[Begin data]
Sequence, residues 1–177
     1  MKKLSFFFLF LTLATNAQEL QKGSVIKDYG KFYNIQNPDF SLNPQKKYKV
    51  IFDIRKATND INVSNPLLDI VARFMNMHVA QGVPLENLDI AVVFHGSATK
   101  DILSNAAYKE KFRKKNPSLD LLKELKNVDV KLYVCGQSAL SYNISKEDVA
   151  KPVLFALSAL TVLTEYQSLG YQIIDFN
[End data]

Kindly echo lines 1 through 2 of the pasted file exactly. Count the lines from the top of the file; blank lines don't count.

Sequence, residues 1–177
     1  MKKLSFFFLF LTLATNAQEL QKGSVIKDYG KFYNIQNPDF SLNPQKKYKV